Dido And Aeneas Relationship Essay

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Aeneas is the king of the Trojans, who is also the son of Anchises and Venus. His fate is that he would build the land of Rome. This fate is tested by the interference of the gods, Juno in particular. Juno is the queen of the gods and held in high respects in the city of Carthage. As Juno holds a desire to “establish Carthage as the reigning city, [she] pits herself against fate itself, which ordained that the descendants of the Trojans will conquer Carthage and rule the world” (Syed, 108). The one to lead the descendants from Troy that would build Rome was Aeneas. This created Juno’s distaste in him and does anything in her power to prevent Aeneas from fulfilling his fate of building Rome. However, this is only one of the several reasons…show more content…

This relationship is an example from Virgil of how love among two individuals causes pain, tragedy, and can, ultimately, destroy one’s life and happiness.
In Book 1 of “The Aeneid”, Aeneas endures a storm that was created by Juno, causing him and his comrades to become stranded, as he was traveling from Troy to Italy. As of now, the object of love for Aeneas is his country and for its growth and success. Aeneas lands on the shores of Carthage and this is where his focus of love is shaken and tested. While searching in the woods, Aeneas meets a young girl, who is disguised and actually his mother Venus. She tells Aeneas the background story of the ruler of Carthage and how everything came to be. She also reassures Aeneas that his missing ships, along with his other comrades, are safe and to continue the path into the city. Once Aeneas enters the city and observes the progress of the developing city, he is ecstatic. This encounter shows how his love for country is very focused. Instead of focusing on the individuals that may have been roaming around the city as an object of love, he views the whole city, which was still in progress, as an object of love. Aeneas goes and explores the queen’s temple to come across scenes etched of his comrades during the Trojan War. Aeneas speaks to Achates, who was one of his companions that survived the storm, about these scenes along the walls and while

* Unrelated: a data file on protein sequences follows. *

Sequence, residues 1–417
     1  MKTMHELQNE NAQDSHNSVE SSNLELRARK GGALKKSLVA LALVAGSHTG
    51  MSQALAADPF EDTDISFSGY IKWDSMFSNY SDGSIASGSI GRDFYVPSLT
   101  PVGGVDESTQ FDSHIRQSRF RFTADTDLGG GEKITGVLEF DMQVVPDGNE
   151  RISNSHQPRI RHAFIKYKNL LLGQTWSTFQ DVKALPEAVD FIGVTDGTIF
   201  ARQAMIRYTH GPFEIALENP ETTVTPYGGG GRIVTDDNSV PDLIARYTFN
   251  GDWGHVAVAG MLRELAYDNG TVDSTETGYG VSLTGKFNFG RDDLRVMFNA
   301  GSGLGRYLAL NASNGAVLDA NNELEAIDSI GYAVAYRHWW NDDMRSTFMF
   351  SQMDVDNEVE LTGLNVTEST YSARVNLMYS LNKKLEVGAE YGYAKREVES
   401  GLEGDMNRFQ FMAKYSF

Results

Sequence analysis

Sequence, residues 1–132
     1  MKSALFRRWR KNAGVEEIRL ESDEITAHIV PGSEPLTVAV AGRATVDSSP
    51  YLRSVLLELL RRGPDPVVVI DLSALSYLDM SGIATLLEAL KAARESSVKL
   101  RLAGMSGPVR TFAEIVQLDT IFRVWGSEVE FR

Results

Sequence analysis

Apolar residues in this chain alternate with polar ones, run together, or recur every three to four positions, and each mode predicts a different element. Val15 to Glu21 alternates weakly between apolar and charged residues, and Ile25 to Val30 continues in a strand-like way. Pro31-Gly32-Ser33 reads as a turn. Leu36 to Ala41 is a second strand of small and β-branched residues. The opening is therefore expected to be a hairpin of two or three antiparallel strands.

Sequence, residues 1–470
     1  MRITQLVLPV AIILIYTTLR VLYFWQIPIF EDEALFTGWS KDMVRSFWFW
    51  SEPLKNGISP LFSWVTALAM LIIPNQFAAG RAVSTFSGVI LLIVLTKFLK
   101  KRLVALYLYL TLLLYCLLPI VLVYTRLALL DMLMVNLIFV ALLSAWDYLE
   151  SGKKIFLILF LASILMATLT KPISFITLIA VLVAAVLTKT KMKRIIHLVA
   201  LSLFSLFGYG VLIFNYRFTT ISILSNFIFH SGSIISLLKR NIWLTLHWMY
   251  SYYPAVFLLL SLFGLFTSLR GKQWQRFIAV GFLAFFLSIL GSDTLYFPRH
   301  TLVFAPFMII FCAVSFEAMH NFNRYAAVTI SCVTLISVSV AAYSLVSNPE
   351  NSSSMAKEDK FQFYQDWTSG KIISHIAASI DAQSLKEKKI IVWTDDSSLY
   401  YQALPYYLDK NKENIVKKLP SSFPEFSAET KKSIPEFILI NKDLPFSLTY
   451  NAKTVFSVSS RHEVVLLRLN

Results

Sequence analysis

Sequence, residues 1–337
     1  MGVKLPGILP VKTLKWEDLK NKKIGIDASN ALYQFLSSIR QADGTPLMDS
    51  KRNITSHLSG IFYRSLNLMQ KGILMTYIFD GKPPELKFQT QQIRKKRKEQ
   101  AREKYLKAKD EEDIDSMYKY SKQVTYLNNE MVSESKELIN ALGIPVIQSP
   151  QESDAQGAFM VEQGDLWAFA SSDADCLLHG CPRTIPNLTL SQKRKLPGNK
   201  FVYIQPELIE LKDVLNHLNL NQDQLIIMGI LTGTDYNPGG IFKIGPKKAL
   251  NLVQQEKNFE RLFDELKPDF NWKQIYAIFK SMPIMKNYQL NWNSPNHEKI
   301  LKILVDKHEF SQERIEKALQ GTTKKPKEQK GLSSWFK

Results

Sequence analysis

Initially, Aeneas is simply a stranger whom Dido welcomes to her city of Carthage, but they end up becoming lovers. Their story ends tragically, however, as Aeneas leaves and Dido commits suicide in her grief.

It is important to note that the gods have pretty much everything to do with this relationship. It is Venus, goddess of love and Aeneas’s mother, who causes Dido to fall in love with Aeneas in the first place, as...

Initially, Aeneas is simply a stranger whom Dido welcomes to her city of Carthage, but they end up becoming lovers. Their story ends tragically, however, as Aeneas leaves and Dido commits suicide in her grief.

It is important to note that the gods have pretty much everything to do with this relationship. It is Venus, goddess of love and Aeneas’s mother, who causes Dido to fall in love with Aeneas in the first place, as she wants to ensure that Aeneas is well-treated by Dido. She has reasons to fear the scheming Juno, queen of the gods, going against Aeneas, but then later the two goddesses decide to co-operate in bringing Dido and Aeneas together as lovers. However, the command of Jupiter, king of the gods, overhauls the machinations of these two goddesses as  he has a divine, all-important plan for Aeneas to go to Italy, and to establish the future great city of Rome. Therefore he cannot let Aeneas hang around Carthage indefinitely as Dido’s lover, and sends Mercury (messenger of the gods) to remind him of his solemn destiny. So Aeneas abruptly breaks off the relationship and leaves, and Dido is driven to distraction as she’d really believed that they were as good as married.

The tragic love affair between Dido and Aeneas, then, is due entirely to the contrivances of the gods above. However, on the human level, Aeneas does come across as faithless lover, while Dido is elevated to the status of a tragic heroine.

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